A major problem migrants run into when they move to the Bega Valley is the difficulty of learning a new language.
As the Adult Migrant and English Program is no longer offered on site in Bega, this has created an extra challenge for some migrants.
On the first Wednesday of each month the Migrant Activities Group In Community, which offers support to migrants, is run in Bega.
Attending October’s meeting, Pratima Panthi from Nepal, Noi McCallum from Thailand and Ali Imran Imam from Bangladesh all had differing fluency of English.
Ms Panthi came to Australia on a working visa about five months ago and said there was no course to learn English in Bega so her husband had paid to do an online course.
While she wants to find work, hopefully as an accountant, first she wanted to improve her handle of English.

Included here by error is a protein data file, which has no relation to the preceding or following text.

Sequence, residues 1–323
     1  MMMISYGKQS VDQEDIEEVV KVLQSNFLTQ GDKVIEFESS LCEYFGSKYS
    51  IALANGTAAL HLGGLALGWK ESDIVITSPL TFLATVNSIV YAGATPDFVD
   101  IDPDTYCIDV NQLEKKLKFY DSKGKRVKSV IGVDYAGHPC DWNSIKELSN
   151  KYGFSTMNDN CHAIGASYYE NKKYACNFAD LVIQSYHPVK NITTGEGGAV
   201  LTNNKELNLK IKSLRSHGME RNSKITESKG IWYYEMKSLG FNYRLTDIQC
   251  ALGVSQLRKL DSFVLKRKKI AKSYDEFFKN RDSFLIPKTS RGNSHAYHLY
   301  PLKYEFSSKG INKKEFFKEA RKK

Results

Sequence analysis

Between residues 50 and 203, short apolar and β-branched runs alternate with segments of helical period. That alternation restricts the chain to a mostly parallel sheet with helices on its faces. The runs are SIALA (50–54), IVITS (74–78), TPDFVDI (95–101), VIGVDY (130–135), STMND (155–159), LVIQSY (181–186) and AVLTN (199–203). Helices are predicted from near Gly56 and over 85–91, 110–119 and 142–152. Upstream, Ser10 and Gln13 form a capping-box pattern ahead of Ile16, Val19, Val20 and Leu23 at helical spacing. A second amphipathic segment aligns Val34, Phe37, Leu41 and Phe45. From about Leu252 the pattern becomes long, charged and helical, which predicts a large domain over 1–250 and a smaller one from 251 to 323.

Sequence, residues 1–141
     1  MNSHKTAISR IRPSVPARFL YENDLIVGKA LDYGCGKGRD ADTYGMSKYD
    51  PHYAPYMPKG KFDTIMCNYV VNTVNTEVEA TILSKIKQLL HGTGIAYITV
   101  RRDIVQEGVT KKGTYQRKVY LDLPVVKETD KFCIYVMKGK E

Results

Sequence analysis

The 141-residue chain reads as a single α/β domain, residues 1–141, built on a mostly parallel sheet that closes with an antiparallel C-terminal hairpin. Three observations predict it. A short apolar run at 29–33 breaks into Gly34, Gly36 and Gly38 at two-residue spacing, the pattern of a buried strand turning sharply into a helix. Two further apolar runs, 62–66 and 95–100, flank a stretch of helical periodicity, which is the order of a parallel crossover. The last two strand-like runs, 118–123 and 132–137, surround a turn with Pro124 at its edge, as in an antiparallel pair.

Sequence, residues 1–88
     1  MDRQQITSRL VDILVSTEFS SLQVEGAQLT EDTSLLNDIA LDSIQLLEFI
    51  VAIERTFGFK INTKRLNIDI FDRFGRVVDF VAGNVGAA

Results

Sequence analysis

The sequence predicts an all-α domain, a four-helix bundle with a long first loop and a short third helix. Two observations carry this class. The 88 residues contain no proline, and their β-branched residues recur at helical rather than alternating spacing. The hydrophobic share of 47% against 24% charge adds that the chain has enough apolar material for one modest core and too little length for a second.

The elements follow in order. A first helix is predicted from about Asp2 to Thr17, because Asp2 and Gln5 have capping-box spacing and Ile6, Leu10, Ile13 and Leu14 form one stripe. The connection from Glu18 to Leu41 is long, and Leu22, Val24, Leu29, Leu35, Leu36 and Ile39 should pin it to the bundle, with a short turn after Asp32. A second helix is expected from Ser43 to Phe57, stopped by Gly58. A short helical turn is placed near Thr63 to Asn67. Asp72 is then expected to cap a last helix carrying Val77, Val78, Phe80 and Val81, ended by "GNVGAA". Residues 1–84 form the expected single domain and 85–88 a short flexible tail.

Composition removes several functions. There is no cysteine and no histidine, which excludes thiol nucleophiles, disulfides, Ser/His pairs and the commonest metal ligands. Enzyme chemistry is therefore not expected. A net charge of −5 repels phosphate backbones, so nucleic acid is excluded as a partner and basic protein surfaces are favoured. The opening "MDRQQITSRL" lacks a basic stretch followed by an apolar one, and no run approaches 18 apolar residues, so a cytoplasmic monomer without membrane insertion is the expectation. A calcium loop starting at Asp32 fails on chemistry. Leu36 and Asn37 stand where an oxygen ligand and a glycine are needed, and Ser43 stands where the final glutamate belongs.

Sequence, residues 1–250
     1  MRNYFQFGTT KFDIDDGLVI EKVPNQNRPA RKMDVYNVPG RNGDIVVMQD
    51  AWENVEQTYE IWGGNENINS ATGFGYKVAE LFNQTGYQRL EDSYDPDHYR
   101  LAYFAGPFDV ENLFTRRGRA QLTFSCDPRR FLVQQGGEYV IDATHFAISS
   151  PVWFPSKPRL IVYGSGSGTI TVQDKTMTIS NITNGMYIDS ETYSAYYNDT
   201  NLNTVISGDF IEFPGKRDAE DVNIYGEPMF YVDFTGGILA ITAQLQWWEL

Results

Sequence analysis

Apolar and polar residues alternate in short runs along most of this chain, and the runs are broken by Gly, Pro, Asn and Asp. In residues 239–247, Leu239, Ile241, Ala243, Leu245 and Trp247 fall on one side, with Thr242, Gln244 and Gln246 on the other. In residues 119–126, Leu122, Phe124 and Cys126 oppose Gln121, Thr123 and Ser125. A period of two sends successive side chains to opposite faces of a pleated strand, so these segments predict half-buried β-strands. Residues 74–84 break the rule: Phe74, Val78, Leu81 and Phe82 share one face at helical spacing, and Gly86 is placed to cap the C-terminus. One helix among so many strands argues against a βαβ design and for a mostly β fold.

“Without English it’s not possible to find a job,” the Merimbula resident said.
“It’s very difficult to be in Australia without English.”
When Ms McCallum came to Australia three years ago, she could only “speak English a little bit”.
But she is now a permanent resident who lives in Quaama and goes to TAFE one day a week. She knows 10 other Thai people living in the Bega Valley, eight of which have permanent visas.
“Everyone wants to learn more English,” she said.
Mr Imran of Cooma was fluent in English, which he studied in Bangladesh, but said sometimes he struggled with the Australian accent.
“From the very first day here I heard the phrase ‘no drama’ and that phrase really confused me," he said.
“Even though I know English a little it’s a bit of a struggle for me.”
A MAX Solutions spokesperson said the AMEP offered distance learning.
They said the distance learning service provider who delivers AMEP nationally was TAFE NSW and could be contacted by calling 1300 362 418 or emailing email@example.com.